While the 'Noles can't claim a ton of MLB players, San Francisco Giants veteran catcher Buster Posey is a six-time All-Star and MVP.
7. University of Notre Dame (52)
NFL: 37 | NBA: 1 | MLB: 6 | NHL: 8
Given the number of roster spots available, it's no surprise the NFL contains most of Notre Dame's pro players. The Irish can point to Quenton Nelson, Mike McGlinchey, Ronnie Stanley, Zack Martin, Harrison Smith, Golden Tate and Will Fuller in the league.
However, the Irish are the first program highlighted with a strong NHL presence. Pittsburgh Penguins winger Bryan Rust headlines a decent group of Fighting Irish hockey alums.
Rounding out Notre Dame's list are baseball players Trey Mancini, Cavan Biggio, Jeff Samardzija, A.J. Pollock and Milwaukee Bucks guard Pat Connaughton.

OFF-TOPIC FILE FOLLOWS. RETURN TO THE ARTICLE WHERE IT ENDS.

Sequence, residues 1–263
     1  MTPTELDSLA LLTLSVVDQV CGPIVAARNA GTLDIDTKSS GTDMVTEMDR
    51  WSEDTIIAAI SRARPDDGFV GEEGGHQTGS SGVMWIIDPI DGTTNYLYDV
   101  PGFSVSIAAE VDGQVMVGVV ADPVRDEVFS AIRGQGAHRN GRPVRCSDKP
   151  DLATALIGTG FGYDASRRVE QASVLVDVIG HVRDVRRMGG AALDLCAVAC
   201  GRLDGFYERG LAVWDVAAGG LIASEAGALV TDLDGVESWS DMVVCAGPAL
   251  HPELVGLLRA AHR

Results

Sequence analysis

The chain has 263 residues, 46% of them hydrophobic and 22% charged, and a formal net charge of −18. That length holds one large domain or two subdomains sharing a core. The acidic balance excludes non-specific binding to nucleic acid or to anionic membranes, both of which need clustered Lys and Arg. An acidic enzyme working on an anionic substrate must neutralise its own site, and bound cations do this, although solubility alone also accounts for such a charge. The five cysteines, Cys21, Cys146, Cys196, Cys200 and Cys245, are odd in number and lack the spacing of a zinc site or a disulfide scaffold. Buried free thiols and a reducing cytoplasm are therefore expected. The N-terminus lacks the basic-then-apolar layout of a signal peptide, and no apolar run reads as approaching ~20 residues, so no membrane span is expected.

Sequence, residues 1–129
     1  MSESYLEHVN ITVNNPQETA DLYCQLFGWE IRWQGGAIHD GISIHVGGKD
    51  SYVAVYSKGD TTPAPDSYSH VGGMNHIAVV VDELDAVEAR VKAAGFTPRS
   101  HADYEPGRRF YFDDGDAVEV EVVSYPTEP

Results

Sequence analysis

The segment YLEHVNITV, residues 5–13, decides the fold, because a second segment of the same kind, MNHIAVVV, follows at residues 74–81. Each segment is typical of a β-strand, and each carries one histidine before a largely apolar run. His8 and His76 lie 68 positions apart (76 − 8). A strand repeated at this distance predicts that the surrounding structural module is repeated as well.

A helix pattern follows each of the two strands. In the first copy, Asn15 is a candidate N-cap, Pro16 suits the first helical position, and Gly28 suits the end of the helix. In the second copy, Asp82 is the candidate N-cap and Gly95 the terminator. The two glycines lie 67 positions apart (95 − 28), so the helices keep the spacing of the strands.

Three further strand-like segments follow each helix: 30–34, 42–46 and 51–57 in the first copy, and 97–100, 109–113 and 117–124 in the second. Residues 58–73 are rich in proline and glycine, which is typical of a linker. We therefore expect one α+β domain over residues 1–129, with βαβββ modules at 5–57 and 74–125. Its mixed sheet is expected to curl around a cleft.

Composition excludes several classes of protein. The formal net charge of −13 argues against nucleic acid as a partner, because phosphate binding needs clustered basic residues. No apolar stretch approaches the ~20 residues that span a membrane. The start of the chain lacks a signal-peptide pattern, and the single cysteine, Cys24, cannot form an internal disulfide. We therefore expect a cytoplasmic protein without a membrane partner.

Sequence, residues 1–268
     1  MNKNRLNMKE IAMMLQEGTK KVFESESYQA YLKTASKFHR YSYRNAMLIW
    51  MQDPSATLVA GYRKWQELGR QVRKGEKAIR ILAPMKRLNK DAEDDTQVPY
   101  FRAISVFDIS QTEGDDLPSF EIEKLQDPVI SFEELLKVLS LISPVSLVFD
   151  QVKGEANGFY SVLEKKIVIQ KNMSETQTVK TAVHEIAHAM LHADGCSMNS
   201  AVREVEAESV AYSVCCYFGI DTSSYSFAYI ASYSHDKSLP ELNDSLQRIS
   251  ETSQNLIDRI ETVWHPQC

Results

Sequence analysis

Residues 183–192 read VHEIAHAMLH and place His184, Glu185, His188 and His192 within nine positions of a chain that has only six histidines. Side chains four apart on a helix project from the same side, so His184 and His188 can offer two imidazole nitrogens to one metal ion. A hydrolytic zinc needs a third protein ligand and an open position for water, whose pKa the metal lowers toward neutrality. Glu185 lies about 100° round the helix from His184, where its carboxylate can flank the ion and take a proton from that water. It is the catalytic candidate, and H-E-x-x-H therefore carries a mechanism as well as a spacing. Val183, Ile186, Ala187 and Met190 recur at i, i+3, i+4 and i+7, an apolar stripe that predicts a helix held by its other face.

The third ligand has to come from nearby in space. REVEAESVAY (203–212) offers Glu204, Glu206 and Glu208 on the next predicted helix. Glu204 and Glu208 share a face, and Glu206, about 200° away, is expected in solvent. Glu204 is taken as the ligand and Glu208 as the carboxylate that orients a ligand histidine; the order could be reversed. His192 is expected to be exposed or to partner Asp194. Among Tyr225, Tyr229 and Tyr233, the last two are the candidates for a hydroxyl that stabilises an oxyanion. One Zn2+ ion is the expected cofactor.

6. University of Michigan (55)
NFL: 29 | NBA: 10 | MLB: 1 | NHL: 15
Jim Harbaugh and the football program are most recognizable, but Michigan hockey boasts more professional players than each of the sports that don't call The Big House home combined.
Detroit Red Wings center Dylan Larkin remains a local favorite, but the list is extensive. Other pros include Andrew Cogliano, Carl Hagelin, Max Pacioretty, Jack Johnson, J.T. Compher, Jacob Trouba, Zach Werenski, Luke Glendening and Quinn Hughes.
Taylor Lewan, Jabrill Peppers, Devin Bush and none other than Tom Brady are familiar NFL players, along with Caris LeVert and Tim Hardaway Jr. in the NBA.
Note: One addition to the study's findings is veteran pitcher Rich Hill, who recently signed with the Minnesota Twins.
5. University of Miami (56)